In fact, I suggest that some of those who send us your opinions for how the town should be run would do well to read the Town Report so that you base your statements on solid facts and information. This would go for anyone deciding to run for office as well. The town’s business is open to all—every penny that we spend is accounted for in the town report where you can also read about what every town committee and department, large or small, does to serve the town.
Below I offer:1) A reminder of the significant difference between low income and affordable housing which some people either don’t know or insist on making up their own definition and 2) Comments on the existing affordable housing.
1) For those who persist in telling us —falsely— that “affordable” is code for “low-income” housing, I quote from one of many columns I wrote on this. Our subsidized housing is Colonial Gardens for low-income elderly (I believe built by the state—someone else remember?); Town Meeting had to approve the zoning use. The Housing Authority runs that plus a low-income multi-family house that you likely have driven by any number of times without knowing it, plus eight low-income special needs units, again which I would doubt you have seen.
Determining “affordable.” The income of a potential purchaser must be around 80 percent of the area median income—approximately $64,000. The unit’s price is proportionate to income. The applicant has to qualify for the mortgage and be able to pay the normal costs of home owning—utilities, repairs, etc. The home is not subsidized in any continuing way. Preference goes to people who have lived in town at least five of the last 15 years or who’ve worked for the town for at least five. The units must remain affordable for 99 years. Should there be a number of qualified applicants, a lottery determines the successful purchaser.
2) Our affordable housing: I notice the photo of the Parkerville Road house in My Southborough was taken before it was finished so it looks quite ramshackle. As the caption notes it has been renovated. Assabet Valley students did just about everything from top to bottom; mostly the CPA funds paid the owners for the house they decided to sell (after some price negotiation) and for materials used by Assabet and a few other special projects. All in all, done with GREAT savings.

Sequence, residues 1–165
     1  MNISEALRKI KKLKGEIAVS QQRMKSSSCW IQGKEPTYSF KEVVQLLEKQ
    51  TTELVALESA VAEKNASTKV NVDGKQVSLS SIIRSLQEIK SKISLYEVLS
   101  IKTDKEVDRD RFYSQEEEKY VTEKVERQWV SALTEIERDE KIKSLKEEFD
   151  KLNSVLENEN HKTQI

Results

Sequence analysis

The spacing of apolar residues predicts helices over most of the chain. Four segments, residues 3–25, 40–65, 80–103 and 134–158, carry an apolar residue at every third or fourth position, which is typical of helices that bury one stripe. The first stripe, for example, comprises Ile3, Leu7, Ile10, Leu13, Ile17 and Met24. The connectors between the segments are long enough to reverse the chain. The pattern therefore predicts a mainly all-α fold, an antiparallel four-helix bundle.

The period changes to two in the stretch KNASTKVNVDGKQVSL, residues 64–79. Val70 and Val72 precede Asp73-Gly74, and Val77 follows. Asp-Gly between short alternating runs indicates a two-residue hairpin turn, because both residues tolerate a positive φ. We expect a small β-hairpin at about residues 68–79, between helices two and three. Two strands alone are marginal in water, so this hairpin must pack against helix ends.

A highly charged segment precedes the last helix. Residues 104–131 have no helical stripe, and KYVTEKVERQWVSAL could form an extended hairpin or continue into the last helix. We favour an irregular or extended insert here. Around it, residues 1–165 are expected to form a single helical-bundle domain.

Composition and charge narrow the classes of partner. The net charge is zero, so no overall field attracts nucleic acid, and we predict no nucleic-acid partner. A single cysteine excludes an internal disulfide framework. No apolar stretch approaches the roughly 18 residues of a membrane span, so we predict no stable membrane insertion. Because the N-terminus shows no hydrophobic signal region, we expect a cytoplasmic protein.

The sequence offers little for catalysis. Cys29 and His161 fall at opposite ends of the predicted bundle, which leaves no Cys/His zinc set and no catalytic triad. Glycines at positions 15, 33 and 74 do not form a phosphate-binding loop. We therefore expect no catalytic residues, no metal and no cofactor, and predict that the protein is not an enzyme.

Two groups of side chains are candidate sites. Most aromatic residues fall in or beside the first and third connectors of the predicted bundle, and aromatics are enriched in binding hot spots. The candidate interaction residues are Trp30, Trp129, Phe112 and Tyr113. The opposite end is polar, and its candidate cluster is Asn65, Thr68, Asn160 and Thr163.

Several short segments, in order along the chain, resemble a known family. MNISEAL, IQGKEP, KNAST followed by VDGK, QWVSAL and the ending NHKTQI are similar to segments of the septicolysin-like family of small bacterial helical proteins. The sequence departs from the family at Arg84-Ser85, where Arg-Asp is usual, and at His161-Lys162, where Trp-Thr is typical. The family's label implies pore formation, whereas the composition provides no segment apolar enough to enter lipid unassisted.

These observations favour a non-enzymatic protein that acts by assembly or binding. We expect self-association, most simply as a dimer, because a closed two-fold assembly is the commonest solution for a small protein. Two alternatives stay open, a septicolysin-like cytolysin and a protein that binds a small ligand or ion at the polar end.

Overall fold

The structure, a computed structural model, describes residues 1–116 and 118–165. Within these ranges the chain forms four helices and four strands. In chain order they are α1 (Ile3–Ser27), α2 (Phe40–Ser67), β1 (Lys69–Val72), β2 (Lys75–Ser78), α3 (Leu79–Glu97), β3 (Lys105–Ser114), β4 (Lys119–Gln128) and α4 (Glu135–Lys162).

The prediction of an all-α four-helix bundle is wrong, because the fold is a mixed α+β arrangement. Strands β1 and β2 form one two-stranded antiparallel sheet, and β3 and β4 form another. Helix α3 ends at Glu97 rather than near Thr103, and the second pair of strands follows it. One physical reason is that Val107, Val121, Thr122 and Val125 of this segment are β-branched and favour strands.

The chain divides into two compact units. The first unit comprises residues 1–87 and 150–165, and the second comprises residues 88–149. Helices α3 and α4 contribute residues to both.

It wouldn’t be fair to send you to take a look at another affordable unit— a brand new house built on land the town acquired for unpaid back taxes…the owner and neighbors might not welcome sight-seers, but I would defy you to distinguish it in any way from the neighboring houses. In that case a developer who(as town bylaw requires) made contributions to the town’s affordable housing fund rather than build affordable units in one of his projects actually built the house with that money plus some CPA funds. Another great deal for the town.
Finally, there ARE newer subdivisions in town with affordable homes, including in the Meetinghouse Lane development on Middle Road. They look exactly like the others, and like the other neighbors, the owners are as responsible and likely just as nice to know.

13 years ago
Reply to  Donna McDaniel

While I am a firm believer in affordable housing, could you check your facts on the house on Parkerville? Didn’t the Town pay 189K for the house, use 64K of CPA funds with the help of Assabet, who did a wonderful job and are selling it as affordable at 189K? I could be wrong and you would know better.

Not a big believer in the Town being in the real estate business and refurbishing homes though. Do we traditionally purchase homes for affordable and lose money on them?

If I am wrong I stand corrected and apologise, I think that Meeting House is a great example of what a good affordable housing unit can be and how the Town can benefit.